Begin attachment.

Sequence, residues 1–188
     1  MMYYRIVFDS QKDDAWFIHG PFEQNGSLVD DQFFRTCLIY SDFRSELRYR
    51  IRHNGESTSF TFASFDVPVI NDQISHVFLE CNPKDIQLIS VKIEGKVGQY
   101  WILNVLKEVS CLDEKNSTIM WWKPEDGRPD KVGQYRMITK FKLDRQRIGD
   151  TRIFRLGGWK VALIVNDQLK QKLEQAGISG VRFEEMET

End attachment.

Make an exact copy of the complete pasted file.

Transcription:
Sequence, residues 1–188
     1  MMYYRIVFDS QKDDAWFIHG PFEQNGSLVD DQFFRTCLIY SDFRSELRYR
    51  IRHNGESTSF TFASFDVPVI NDQISHVFLE CNPKDIQLIS VKIEGKVGQY
   101  WILNVLKEVS CLDEKNSTIM WWKPEDGRPD KVGQYRMITK FKLDRQRIGD
   151  TRIFRLGGWK VALIVNDQLK QKLEQAGISG VRFEEMET